Sleep and muscles recovery


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Sleep and muscles recovery

muscles recovery

Sleep and muscles recovery : Sleep is an active physiological process, meaning that your body is engaged in vital activities, but you are unaware of them! Sleep is switched between two types of sleep, REM sleep, which is characterized by rapid eye movement in sleep, and Non-REM sleep, in which the eyes do not move.

This is repeated several times throughout the night. While REM sleep provides energy for the hours you are awake and is essential for

Mind recovery, steps 3 and 4 of Non-REM sleep, known as deep or slow-wave sleep, are essential for the body’s recovery.

Even the letters of these two dreams, that is, slow-wave sleep compared to fast eye movement sleep, show their nature in terms of their healing and calming.

Recognize changes during sleep

During the Non-REM Deep Sleep Rejuvenation phase, your blood pressure drops, and your breathing becomes deeper and calmer. Your brain is resting with very little activity, so the blood supply to the muscles increases, and oxygen and nutrients multiply, accelerating muscle repair and growth. During this sleep phase, muscles and tissues resume their youth, and cells regenerate.

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The benefits of sleep, and growth hormone

In non-REM sleep, your pituitary gland releases a shot of growth hormone. Lack of sleep, and changes in sleep quality, can cause a severe drop in growth hormone secretion. In addition, growth hormone deficiency is directly related to obesity, muscle burning, and a decrease in your body’s capacity for exercise.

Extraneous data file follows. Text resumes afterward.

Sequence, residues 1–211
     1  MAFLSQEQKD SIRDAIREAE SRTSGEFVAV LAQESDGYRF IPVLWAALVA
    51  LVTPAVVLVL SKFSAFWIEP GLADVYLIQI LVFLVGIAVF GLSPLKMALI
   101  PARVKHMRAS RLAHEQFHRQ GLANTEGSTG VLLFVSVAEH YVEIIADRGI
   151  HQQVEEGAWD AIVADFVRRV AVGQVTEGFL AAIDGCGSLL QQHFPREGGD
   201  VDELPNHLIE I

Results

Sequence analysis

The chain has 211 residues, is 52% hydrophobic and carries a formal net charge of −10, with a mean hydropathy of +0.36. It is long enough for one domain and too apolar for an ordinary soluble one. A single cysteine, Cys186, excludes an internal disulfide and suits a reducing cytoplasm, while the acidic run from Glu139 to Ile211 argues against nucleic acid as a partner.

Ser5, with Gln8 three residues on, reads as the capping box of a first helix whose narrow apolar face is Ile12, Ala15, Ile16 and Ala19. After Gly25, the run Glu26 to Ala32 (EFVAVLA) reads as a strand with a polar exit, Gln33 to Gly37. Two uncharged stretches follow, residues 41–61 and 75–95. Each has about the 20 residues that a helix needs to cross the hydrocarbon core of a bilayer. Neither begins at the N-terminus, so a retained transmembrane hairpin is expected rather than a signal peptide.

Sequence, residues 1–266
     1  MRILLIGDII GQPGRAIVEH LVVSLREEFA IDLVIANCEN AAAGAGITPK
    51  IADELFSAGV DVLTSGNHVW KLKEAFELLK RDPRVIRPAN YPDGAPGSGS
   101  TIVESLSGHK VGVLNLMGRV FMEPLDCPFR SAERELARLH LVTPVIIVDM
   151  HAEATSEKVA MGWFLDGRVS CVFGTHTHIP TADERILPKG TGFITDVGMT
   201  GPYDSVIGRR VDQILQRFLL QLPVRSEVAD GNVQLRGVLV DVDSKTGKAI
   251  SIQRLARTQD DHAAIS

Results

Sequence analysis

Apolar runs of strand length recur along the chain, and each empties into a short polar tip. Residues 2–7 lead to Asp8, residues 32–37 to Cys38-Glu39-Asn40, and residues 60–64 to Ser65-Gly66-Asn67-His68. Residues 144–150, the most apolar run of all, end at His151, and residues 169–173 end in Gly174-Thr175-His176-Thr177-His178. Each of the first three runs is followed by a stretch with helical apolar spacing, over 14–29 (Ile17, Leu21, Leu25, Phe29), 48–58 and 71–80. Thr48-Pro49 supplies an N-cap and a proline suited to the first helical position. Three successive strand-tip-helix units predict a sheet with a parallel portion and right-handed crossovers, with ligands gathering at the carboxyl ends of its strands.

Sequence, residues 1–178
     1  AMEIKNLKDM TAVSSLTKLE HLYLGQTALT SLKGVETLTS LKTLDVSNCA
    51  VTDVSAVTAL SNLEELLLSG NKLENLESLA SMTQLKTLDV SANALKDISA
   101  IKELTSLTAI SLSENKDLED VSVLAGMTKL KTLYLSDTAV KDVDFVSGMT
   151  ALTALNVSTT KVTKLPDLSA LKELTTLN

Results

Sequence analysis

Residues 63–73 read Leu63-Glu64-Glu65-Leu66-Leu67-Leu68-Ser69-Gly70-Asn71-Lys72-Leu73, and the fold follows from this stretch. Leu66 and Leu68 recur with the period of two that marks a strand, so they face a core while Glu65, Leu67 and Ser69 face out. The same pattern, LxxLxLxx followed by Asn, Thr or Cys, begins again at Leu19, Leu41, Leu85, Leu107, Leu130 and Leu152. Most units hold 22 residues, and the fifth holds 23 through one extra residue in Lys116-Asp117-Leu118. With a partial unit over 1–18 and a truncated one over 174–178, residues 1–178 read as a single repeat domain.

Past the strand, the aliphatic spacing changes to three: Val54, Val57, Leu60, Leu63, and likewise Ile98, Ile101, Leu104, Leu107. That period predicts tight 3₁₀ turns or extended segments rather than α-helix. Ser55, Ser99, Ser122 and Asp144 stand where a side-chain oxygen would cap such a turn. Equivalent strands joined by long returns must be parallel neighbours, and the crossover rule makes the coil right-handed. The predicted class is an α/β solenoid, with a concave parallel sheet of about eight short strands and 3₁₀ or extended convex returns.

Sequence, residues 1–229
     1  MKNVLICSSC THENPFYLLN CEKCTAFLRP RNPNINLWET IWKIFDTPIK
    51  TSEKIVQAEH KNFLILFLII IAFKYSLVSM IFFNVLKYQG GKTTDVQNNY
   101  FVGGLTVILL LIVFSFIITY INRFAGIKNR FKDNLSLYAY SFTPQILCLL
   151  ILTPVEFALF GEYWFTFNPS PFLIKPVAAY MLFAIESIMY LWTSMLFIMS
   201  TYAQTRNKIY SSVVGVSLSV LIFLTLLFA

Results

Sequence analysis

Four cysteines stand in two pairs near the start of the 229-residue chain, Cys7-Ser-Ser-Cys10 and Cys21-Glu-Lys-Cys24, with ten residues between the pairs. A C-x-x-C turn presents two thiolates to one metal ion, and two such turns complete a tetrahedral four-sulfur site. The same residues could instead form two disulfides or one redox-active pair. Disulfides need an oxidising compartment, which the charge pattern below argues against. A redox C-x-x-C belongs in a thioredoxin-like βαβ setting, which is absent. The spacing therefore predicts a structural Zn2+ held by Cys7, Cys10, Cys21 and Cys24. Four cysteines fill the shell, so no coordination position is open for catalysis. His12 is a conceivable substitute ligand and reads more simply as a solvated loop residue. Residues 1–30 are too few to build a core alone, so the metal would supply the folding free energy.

Types of muscle repair

Your muscles need more sleep and recovery time after fatigue, injury, and trauma. This means that if you have an injury or are recovering from surgery, you need to know that more sleep is needed for your body to heal completely. In addition, muscle repair required after strenuous exercise, especially strength and endurance training in which the muscles are slightly torn, is no exception.

Adequate sleep period

If you sleep four hours or less at night, you will fall into the category of sleep deprivation. In addition, eight hours of sleep a night is considered normal sleep. Sleep Guide the National Sleep Foundation recommends seven to nine hours of sleep for adults. Bad nights will do little harm, but the accumulation of poor quality sleep will have a detrimental effect on your muscles.

Age-related sleep problems

Decreased age-related sleep quality and length, especially non-REM deep sleep time, over the years will lead to muscle loss and an accelerated aging rate. So if you constantly have trouble sleeping deeply, or sleeping soundly, be sure to talk to your doctor. Your muscles need as much sleep, blood, and oxygen as they need food.

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